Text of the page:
It was a turning point, of sorts. George Osborne's sudden decision to U-turn on fuel duty was not just the latest in a long line of second guesses. It was uncosted – or 'funded by departmental underspends', if you like. It was therefore the first time Osborne directly capitulated on his deficit reduction plan for short-term political gain - to the tune of half a million quid, as it happened.
That was one mistake. Announcing it on the day Ed Balls tabled a parliamentary motion was another, because it handed the shadow chancellor an obvious victory. Failing to brief Cabinet or his own MPs was another. But the greatest by far was to put baby-faced Harry Potter lookalike Chloe Smith on Newsnight, where Jeremy Paxman promptly savaged her. He really didn't have a choice. It was such an obvious fob off, and she was so epically under-briefed, that not going in for the kill would have appeared patronising. But all the same, lines like "is this some kind of joke" put the exchange on another level. The next day, Tory MPs and journalists were blaming Osborne for not being gutsy enough to face Paxo himself.
It was all enough to make the Tories forget about that marvellous mood music Cameron had been playing them in earlier in the week. The prime minister, in one of the most premature election events in British political history, told them he would do more about welfare if they won in 2015. The fact they hadn't even passed their current welfare reform did not speak highly of their faith in its impact.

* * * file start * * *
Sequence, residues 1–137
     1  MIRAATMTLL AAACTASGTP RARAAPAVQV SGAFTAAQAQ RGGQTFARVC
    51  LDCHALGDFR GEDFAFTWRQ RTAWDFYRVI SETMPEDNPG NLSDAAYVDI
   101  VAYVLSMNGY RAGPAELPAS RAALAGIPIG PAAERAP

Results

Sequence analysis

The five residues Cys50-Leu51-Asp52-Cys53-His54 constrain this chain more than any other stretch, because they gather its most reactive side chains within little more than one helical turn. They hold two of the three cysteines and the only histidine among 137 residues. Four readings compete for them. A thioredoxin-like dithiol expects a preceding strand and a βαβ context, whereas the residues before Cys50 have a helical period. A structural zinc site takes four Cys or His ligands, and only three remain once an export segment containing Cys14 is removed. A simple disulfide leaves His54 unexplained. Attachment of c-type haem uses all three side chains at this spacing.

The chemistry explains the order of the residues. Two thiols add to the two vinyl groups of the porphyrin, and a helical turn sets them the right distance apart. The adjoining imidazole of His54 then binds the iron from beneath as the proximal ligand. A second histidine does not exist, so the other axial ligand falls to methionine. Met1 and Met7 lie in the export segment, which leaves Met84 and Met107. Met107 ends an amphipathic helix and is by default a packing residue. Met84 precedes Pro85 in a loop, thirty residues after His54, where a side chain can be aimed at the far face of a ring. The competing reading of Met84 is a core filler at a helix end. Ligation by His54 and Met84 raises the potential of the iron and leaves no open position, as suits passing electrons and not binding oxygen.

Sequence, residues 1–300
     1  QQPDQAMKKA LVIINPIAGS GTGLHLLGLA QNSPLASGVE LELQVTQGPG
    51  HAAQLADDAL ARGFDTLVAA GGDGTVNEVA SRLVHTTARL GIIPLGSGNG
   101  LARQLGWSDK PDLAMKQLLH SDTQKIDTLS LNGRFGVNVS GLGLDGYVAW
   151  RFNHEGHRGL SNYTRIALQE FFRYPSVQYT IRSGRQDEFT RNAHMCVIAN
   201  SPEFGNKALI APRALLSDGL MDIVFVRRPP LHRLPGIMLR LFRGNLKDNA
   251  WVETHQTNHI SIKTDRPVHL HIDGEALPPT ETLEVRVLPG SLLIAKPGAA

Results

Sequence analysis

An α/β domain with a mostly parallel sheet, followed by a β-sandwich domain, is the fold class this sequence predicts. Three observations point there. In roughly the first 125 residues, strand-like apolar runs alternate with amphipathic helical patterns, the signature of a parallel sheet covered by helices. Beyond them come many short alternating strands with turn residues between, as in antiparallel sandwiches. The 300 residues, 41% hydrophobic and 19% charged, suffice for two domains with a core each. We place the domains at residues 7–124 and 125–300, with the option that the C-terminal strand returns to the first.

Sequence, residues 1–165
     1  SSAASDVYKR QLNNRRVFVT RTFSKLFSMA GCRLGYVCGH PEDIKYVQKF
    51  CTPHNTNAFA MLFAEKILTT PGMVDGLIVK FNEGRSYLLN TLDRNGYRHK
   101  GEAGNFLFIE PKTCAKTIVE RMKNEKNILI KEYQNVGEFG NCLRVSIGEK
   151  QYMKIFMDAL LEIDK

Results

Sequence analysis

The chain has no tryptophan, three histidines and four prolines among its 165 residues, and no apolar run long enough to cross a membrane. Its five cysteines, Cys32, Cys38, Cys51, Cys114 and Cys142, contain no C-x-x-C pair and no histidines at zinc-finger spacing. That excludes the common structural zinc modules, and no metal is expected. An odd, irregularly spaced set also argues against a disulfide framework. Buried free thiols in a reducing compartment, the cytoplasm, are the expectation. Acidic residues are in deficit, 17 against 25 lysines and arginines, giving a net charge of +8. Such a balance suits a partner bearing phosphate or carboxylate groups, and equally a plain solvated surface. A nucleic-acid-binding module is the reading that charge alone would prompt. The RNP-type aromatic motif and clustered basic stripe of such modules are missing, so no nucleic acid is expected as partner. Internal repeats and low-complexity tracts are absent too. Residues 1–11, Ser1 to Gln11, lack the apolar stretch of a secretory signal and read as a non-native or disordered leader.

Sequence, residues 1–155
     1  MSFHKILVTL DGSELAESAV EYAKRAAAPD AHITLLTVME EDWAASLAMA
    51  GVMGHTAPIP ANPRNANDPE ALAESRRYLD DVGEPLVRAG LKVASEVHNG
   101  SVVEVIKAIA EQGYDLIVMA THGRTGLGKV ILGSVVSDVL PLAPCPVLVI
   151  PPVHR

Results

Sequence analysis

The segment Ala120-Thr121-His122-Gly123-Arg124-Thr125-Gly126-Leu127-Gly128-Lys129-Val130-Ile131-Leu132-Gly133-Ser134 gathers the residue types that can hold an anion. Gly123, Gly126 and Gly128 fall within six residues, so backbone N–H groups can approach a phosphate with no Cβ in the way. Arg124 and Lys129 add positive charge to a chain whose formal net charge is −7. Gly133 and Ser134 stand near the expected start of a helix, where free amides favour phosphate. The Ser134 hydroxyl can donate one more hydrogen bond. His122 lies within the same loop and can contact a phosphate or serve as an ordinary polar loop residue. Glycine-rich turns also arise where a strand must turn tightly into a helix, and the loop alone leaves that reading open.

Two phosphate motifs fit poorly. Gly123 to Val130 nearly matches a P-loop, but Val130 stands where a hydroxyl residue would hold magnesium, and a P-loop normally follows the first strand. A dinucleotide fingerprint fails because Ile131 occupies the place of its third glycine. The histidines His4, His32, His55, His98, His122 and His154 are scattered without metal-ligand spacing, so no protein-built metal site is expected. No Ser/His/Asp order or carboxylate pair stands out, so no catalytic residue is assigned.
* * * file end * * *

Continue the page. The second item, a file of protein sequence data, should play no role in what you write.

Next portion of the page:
The fact that this initiative got mired in general inadequacy so quickly would have probably bothered Downing Street, if it wasn't for the multiple crises breaking out all over the place.
First Ed Miliband said he would support the government's Lords reform plans but not the timetable. The position is logically untenable – it's like telling someone you love them but only after tea. But it has the added benefit of prolonging the agony of Lords reform while ministerial aides resign, Tory MPs rebel and the government falls into glorious chaos.
Meanwhile, European leaders were meeting in Brussels to… you know the score. Announcement, brief spike in market confidence, eventual decline, catatonic despair, stockpiling of canned goods and shotguns. Cameron was there, looking distinctly out of shape, making lots of noise about safeguards.
But the big row was about Barclays boss Bob Diamond, who, at the time this was published, was still hanging onto his job. The row built its own momentum until Cameron was fighting off Balls' demand for an inquiry with the Vickers' report. The most likely outcome is that it is implemented more fully and more quickly. Not a bad result, actually. Meanwhile, those pesky Boris bikes with their ubiquitus branding were starting to look rather disreputable. How times change.